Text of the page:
Cani PD, Amar J, Iglesias MA, Poggi M, Knauf C, et al. Metabolic endotoxemia initiates obesity and insulin resistance. Diabetes. 2007;56:1761–72.
Neves AL, Coelho J, Couto L, Leite-Moreira A, Roncon-Albuquerque R. Metabolic endotoxemia: a molecular link between obesity and cardiovascular risk. J Mol Endocrinol. 2013;51:R51–64.
Cani PD. Interactions between gut microbes and host cells control gut barrier and metabolism. Int J Obes Suppl. 2016;6:S28–31.
Cani PD, Bibiloni R, Knauf C, Waget A, Neyrinck AM, et al. Changes in gut microbiota control metabolic diet-induced inflammation in high-fat diet-induced obesity and diabetes in mice. Diabetes. 2008;57:1470–81.
Cani PD, Osto M, Geurts L, Everard A. Involvement of gut microbiota in the development of low-grade inflammation and type 2 diabetes associated with obesity. Gut Microbes. 2012;3:279–88.
Akbari P, Braber S, Alizadeh A, Verheijden K, Schoterman M, et al. Galacto-oligosaccharides protect the intestinal barrier by maintaining the tight junction network and modulating the inflammatory responses after a challenge with the mycotoxin deoxynivalenol in human Caco-2 cell monolayers and B6C3F1 mice. J Nutr. 2015;145:1604–13.
Akbari P, Fink-Gremmels J, Willems RHAM, Difilippo E, Schols HA, et al. Characterizing microbiota-independent effects of oligosaccharides on intestinal epithelial cells: insight into the role of structure and size: structure–activity relationships of non-digestible oligosaccharides. Eur J Nutr. 2017;56:1919–30.
Alizadeh A, Akbari P, Difilippo E, Schols HA, Ulfman LH, et al. The piglet as a model for studying dietary components in infant diets: effects of galacto-oligosaccharides on intestinal functions. Br J Nutr. 2015;115:605–18.
Madsen K, Cornish A, Soper P, McKaigney C, Jijon H, et al. Probiotic bacteria enhance murine and human intestinal epithelial barrier function. Gastroenterology. 2001;121:580–91.
Hsieh C-Y, Osaka T, Moriyama E, Date Y, Kikuchi J, et al. Strengthening of the intestinal epithelial tight junction by Bifidobacterium bifidum. Physiol Rep. 2015;3:e12327.
Guo S, Gillingham T, Guo Y, Meng D, Zhu W, Walker WA, et al. Secretions of Bifidobacterium infantis and Lactobacillus acidophilus protect intestinal epithelial barrier function. J Pediatr Gastroenterol Nutr. 2017;64:404–12.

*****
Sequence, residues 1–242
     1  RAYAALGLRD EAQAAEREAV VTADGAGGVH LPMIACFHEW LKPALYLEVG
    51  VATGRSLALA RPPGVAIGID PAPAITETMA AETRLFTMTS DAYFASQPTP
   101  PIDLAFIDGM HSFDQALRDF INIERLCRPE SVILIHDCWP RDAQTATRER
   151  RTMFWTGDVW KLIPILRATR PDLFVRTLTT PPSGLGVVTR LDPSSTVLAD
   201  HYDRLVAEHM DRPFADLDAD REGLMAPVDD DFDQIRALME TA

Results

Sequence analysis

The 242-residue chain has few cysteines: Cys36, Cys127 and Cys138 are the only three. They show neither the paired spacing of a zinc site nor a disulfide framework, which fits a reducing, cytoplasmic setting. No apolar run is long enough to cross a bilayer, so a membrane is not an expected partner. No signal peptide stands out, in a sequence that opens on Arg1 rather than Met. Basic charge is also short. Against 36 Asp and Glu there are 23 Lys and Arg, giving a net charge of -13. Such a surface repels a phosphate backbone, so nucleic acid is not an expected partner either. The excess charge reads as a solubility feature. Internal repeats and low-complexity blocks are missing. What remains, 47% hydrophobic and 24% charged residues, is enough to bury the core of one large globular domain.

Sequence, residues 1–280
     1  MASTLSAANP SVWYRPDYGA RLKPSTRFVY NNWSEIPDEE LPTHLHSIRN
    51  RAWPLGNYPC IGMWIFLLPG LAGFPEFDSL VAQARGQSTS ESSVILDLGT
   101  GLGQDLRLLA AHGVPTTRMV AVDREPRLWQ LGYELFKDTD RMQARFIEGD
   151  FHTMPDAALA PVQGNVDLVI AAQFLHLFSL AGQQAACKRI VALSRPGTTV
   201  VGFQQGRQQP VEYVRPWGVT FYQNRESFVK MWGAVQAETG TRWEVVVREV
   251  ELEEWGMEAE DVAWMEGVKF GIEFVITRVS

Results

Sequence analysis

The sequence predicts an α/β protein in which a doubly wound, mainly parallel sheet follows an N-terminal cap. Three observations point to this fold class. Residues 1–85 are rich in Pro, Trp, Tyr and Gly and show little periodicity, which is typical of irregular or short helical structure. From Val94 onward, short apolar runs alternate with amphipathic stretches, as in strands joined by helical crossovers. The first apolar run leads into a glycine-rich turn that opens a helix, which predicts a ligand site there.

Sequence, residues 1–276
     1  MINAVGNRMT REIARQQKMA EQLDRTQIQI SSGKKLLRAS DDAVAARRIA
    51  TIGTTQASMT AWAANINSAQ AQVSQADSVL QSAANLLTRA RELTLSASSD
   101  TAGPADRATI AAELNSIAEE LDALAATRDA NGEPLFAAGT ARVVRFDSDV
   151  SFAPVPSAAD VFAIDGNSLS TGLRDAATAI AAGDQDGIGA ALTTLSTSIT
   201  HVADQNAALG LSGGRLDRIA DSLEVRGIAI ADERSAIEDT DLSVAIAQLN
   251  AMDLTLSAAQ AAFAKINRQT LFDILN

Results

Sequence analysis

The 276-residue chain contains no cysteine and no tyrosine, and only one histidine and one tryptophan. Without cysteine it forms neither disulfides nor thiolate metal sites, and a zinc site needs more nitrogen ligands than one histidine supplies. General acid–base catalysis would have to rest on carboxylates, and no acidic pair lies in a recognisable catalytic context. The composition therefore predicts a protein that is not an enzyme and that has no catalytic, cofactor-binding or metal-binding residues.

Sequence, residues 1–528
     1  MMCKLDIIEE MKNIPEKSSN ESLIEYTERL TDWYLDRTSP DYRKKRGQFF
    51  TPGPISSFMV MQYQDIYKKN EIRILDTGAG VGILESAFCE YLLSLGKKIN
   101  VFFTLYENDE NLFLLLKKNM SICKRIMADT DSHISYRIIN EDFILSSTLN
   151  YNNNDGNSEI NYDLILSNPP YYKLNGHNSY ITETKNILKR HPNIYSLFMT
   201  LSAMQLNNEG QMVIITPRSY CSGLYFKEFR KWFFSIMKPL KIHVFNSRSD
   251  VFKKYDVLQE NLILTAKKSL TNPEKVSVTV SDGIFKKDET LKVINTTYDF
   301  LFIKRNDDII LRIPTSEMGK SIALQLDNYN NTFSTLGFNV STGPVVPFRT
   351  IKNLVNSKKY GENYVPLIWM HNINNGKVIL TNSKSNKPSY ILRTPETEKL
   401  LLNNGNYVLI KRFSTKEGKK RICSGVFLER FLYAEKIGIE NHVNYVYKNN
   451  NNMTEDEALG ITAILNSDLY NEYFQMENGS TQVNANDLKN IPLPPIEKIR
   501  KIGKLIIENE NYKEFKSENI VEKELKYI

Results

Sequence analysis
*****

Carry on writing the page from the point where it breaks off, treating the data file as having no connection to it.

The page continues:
Anderson RC, Cookson AL, McNabb WC, Kelly WJ, Roy N. Lactobacillus plantarum DSM 2648 is a potential probiotic that enhances intestinal barrier function. FEMS Microbiol Lett. 2010;309:184–92.
Mujagic Z, De Vos P, Boekschoten MV, Govers C, Pieters HJH, De Wit NJ, et al. The effects of Lactobacillus plantarum on small intestinal barrier function and mucosal gene transcription; a randomized double-blind placebo controlled trial. Sci Rep. 2017;4:40128.
Ren C, Dokter-Fokkens J, Figueroa Lozano S, Zhang Q, Haan BJ, et al. Lactic acid bacteria may impact intestinal barrier function by modulating goblet cells. Mol Nutr Food Res. 2018;62:1700572.
Cani PD, Neyrinck AM, Fava F, Knauf C, Burcelin RG, et al. Selective increases of bifidobacteria in gut microflora improve high-fat-diet-induced diabetes in mice through a mechanism associated with endotoxaemia. Diabetologia. 2007;50:2374–83.
Cani PD, Delzenne NM. Interplay between obesity and associated metabolic disorders: new insights into the gut microbiota. Curr Opin Pharmacol. 2009;9:737–43.
Mills DA. Probiotic nomenclature matters redux: confusion on Bifidobacterium longum subsp. infantis taxonomy persists. Curr Med Res Opin. 2017;33:2097.
Ewaschuk JB, Diaz H, Meddings L, Diederichs B, Dmytrash A, et al. Secreted bioactive factors from Bifidobacterium infantis enhance epithelial cell barrier function. Am J Physiol Gastrointest Liver Physiol. 2008;295:G1025–34.
Bergmann KR, Liu SXL, Tian R, Kushnir A, Turner JR, et al. Bifidobacteria stabilize claudins at tight junctions and prevent intestinal barrier dysfunction in mouse necrotizing enterocolitis. Am J Pathol. 2013;182:1596–606.
Griffiths EA, Duffy LC, Schanbacher FL, Qiao H, Dryja D, et al. In vivo effects of bifidobacteria and lactoferrin on gut endotoxin concentration and mucosal immunity in balb/c mice. Dig Dis Sci. 2004;49:579–89.
Wang Z, Xiao G, Yao Y, Guo S, Lu K, et al. The role of bifidobacteria in gut barrier function after thermal injury in rats. J Trauma-Injury Infect Crit Care. 2006;61:650–7.
Chen J, Wang RR-L, Li X-F, Wang RR-L. Bifidobacterium adolescentis supplementation ameliorates visceral fat accumulation and insulin sensitivity in an experimental model of the metabolic syndrome. Br J Nutr. 2012;107:1429–34.
Reichold A, Brenner SA, Spruss A, Förster-Fromme K, Bergheim I, et al. Bifidobacterium adolescentis protects from the development of nonalcoholic steatohepatitis in a mouse model. J Nutr Biochem. 2014;25:118–25.
Martínez I, Wallace G, Zhang C, Legge R, Benson AK, et al. Diet-induced metabolic improvements in a hamster model of hypercholesterolemia are strongly linked to alterations of the gut microbiota. Appl Environ Microbiol. 2009;75:4175–84.